evoke Blog

Vernon Roberts is an author, master instructor, coach and speaker. He founded Evoke in 2003.

9 Tips for Working Virtually from Home

9 Tips for Working Virtually from Home

Working virtually from a home office can provide benefits as well as challenges. Here are nine tips I'll share to reap the benefits. Please add any other tips that you found helpful to the comments section of the blog!

1. Set life boundaries

You may be familiar with the term "scope creep". This is where a project or initiative, with stated objectives, begins to add on unintended objectives as the project moves forward. These unintended additions strain resources placing all objectives at risk. When you work from home, "scope creep" of your work is the enemy. The first thing that you need to do is identify all the things that will need your time and attention. Make a list. Items on this list may range from kids activities/carpool to making dinner. Your work can't "scope creep" into your family and marriage responsibilities. You need to create approximate start and stop times. You'll also need to be flexible. For example, if you need to unexpectedly pick up the kids, make sure that you add those 30 minutes back to your work schedule later in the day.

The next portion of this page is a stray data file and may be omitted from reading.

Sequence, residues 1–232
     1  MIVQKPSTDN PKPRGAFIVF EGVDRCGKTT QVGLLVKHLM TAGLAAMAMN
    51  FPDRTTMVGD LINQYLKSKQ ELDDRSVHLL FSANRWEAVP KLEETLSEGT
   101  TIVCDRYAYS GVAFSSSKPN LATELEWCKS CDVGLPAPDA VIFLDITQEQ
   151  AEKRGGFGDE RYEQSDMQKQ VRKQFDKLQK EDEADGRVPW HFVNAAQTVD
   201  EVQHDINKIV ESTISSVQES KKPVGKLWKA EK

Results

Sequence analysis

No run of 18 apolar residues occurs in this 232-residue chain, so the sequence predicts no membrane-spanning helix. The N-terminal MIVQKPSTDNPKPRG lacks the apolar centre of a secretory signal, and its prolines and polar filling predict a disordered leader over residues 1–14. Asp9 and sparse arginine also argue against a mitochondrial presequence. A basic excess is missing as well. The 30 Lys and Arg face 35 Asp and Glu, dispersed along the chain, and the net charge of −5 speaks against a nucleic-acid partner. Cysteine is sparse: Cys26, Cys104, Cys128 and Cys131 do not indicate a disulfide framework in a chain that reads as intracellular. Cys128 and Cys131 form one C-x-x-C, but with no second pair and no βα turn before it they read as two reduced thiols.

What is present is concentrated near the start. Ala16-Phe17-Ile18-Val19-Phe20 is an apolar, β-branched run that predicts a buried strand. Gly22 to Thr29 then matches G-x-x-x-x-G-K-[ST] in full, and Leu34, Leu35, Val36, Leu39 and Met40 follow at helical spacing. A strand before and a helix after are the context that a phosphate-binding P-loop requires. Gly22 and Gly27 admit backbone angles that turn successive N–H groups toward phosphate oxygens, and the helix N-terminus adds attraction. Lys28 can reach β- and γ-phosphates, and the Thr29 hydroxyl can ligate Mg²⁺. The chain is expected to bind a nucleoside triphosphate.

2. Define your workspace

Sitting at the kitchen or dining room table may be a temporary solution. However, finding a permanent space with a door for privacy is critical. This is especially true if you have frequent voice or virtual calls. Also, spend some money on a good desk chair. Your back will appreciate it. If you want to mix it up, get a desktop that adjusts up and down so that you can work while sitting in a chair or standing.

3. Let your family know that you are actually working

If you have children this will ring especially true. The fact that you are home means that you can be asked to do anything at anytime. Even if they see you talking on a headset or sitting quietly engaged in paperwork, you are fair game. It will take some education and patience on your part to let them know when you can be interrupted and how they can communicate with you when you are busy.

4. Communicate when you are available ... and how best to reach you during that time